Daily dog walks can be a minefield of distractions, interactions and undesirable experiences for some dog owners. We hope our blog will help clarify how to behave or, how your dog should behave out walking.
Some things are obvious, like always carrying poo bags etc (covered in our last blog). Other things are less obvious and may only cause distress to one party.
Before you walk in a public place remember your dog's limitations. Is his recall reliable? Is he good 'unless' there is a distraction? What type of things distract him? Ideally you will be working towards having a well trained dog that is under control despite distractions.
Prior to this you must be vigilant and act accordingly when these things may be present. By act accordingly we mean do not 'react' yourself... by tightening your leash and thinking 'oh no there's a cyclist/cat/dog/child/car (because your dog chases them) you are indirectly triggering a reaction in your dog. Practice spotting situations in advance and alter your course or divert your dog's attention prior to distraction approaching.
One of the main issues and quite a hot topic currently is approaching other dogs. As a general rule we advise never allowing your dog to aproach another dog who is on his leash. Why? Firstly he may be in training, nervous, reactive, recovering from and operation...who knows, it is simply best to assume he is on the leash for a reason.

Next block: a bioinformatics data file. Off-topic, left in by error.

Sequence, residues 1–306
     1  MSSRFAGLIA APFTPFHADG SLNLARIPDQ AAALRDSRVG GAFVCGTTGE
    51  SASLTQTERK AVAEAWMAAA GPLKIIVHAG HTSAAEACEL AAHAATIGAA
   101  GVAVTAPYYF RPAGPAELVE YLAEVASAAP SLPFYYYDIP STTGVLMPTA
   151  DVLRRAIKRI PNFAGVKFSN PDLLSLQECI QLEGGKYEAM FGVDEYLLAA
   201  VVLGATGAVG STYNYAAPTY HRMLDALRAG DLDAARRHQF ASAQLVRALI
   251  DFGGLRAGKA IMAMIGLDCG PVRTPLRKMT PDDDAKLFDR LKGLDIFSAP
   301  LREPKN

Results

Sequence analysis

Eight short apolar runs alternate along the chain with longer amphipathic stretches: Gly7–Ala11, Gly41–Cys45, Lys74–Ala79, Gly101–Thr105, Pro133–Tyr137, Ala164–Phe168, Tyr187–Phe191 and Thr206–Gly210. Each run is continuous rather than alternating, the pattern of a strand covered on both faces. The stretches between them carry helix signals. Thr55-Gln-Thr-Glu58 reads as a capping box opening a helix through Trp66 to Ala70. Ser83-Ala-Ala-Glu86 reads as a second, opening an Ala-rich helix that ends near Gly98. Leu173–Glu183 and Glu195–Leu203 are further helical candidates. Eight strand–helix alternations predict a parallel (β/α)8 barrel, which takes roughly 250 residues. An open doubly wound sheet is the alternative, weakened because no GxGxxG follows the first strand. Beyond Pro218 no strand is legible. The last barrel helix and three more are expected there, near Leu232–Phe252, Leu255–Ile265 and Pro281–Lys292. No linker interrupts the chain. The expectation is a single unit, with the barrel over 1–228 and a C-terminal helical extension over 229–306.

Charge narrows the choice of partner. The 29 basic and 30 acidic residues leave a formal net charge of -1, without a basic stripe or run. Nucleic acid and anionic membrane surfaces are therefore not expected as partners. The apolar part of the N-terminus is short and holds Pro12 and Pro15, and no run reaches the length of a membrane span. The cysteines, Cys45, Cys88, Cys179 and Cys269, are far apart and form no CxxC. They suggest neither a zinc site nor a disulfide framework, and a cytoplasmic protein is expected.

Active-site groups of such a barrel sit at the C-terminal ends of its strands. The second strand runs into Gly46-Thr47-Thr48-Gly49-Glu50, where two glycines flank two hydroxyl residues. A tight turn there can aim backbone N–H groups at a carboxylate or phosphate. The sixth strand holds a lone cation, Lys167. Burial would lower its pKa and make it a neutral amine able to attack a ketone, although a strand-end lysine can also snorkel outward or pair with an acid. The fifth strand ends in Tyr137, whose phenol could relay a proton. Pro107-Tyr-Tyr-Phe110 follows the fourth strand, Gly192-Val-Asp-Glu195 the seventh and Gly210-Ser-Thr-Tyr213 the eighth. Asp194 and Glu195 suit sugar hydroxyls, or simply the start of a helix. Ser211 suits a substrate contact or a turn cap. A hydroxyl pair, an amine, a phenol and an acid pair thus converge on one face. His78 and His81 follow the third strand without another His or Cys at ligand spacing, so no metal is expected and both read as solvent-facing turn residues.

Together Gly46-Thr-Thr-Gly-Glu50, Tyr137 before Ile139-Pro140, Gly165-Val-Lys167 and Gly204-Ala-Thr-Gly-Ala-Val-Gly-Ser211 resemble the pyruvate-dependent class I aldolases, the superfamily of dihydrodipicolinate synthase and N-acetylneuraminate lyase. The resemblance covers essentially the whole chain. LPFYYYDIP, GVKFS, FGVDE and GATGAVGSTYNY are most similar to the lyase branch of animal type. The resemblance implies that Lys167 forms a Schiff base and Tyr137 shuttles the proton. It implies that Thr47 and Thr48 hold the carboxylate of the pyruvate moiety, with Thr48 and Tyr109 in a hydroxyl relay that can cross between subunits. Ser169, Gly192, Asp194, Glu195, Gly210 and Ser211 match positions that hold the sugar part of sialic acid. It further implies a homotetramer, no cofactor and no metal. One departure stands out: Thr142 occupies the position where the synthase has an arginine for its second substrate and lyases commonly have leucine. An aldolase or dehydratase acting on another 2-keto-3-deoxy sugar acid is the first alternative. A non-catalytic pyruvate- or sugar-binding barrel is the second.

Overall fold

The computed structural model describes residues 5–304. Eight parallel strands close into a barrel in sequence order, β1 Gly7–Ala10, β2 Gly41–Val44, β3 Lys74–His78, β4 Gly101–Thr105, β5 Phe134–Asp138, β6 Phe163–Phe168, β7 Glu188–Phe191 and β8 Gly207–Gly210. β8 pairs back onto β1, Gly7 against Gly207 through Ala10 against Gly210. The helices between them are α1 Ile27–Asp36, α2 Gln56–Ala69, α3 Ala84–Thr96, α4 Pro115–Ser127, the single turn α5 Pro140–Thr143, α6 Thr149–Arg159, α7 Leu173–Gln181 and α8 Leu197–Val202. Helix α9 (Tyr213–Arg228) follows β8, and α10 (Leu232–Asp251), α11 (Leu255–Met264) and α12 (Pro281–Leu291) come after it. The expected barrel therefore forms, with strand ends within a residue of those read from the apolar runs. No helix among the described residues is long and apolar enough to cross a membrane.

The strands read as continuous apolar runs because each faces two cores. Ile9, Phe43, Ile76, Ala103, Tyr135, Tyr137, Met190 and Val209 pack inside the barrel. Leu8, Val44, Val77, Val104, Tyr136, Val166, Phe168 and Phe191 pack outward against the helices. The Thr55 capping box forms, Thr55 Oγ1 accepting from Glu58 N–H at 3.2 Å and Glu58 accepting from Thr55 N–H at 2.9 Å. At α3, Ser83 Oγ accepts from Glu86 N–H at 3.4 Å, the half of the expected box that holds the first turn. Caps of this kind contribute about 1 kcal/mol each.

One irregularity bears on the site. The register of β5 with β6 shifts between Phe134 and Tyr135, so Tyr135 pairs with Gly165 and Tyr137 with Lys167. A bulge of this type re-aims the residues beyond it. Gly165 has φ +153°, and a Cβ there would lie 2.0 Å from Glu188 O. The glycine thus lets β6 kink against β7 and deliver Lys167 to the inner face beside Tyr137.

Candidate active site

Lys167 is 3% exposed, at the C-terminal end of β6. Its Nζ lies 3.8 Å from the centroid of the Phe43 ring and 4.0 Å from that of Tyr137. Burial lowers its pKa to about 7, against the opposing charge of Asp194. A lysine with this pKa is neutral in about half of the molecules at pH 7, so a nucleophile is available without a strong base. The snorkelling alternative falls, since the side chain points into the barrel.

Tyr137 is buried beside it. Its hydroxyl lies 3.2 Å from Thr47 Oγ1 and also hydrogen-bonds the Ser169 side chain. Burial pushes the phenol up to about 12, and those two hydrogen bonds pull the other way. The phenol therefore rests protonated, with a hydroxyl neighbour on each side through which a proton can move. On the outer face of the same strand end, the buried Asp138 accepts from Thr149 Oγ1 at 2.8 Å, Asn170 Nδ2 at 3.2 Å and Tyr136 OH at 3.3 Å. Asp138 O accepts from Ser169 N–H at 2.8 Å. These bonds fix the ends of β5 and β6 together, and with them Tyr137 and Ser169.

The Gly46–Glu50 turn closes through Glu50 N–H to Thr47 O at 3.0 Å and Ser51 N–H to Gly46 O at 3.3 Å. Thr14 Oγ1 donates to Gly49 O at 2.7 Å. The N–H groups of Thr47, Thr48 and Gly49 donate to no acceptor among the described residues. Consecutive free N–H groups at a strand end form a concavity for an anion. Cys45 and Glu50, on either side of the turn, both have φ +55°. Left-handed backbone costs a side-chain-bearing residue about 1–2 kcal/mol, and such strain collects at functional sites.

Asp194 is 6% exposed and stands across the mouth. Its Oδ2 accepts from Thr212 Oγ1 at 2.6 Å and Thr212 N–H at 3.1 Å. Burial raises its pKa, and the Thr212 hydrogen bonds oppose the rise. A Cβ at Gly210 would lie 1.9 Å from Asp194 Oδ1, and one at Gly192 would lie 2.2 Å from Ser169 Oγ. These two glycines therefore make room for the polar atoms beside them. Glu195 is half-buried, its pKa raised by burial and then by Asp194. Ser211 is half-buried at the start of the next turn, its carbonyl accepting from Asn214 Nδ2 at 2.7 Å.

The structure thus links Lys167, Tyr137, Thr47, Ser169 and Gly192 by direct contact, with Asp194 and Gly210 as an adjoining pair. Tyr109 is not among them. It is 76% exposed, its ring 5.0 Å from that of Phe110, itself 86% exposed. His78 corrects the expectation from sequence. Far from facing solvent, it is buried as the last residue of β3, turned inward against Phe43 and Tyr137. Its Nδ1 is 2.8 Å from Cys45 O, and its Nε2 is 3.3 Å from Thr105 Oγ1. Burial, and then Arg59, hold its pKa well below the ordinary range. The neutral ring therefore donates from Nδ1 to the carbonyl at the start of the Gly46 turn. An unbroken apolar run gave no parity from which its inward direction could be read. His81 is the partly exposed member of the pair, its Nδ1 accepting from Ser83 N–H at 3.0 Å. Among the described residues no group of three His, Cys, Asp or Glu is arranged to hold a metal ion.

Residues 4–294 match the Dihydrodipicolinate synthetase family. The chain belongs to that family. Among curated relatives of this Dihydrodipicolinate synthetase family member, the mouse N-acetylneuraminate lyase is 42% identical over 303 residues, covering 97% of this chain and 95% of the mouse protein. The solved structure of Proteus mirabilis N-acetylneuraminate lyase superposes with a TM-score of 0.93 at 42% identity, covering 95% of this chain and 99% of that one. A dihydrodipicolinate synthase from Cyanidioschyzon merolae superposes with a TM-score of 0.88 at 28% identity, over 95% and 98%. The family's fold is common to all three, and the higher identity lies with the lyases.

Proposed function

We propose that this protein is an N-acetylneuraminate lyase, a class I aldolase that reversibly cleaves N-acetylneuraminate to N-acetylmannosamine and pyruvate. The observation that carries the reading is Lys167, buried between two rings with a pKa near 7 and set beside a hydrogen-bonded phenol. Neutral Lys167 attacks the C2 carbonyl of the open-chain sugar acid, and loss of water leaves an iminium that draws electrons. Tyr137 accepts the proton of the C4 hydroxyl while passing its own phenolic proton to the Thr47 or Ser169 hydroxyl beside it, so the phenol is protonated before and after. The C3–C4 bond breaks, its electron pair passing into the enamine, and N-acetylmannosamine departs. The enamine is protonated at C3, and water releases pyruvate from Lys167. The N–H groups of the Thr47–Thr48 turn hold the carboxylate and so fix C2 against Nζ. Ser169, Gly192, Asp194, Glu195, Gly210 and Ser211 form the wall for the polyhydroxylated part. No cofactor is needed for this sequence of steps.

Secondly even the most placid of dogs, when on the leash and approached by one or multiple off leash dogs could feel intimidated. Whilst on his leash the ability to move away and take flight is limited. Dogs are “fight or flight” animals. When confronted with a threat, a dog’s psychology and physiology dictate that he or she will either flee from the danger (“flight”) or confront it (“fight”). On leash dogs do not have the opportunity to do this, which is where we see normally placid dogs becoming reactive, it is because they are uncomfortable with the situation.
Many of our clients battle with this daily, whilst going out of their way to avoid confrontations, they are still faced with 'super-friendly' bouncy dogs intimidating their pet. Owners of 'super friendly' dogs aim to diffuse the situation by yelling 'its fine he is friendly' . For the recipient of the head on greeting; body, slamming, bopping, mouthing and mounting is possibly terrifying. For the owner, such an encounter can set them back weeks, even months of training a dog who is nervous of others.
So if you let your dog do his/her own thing on walks: diving on dogs, body-slamming them, chasing them, trying to roll them over in play, think twice about how this may affect others.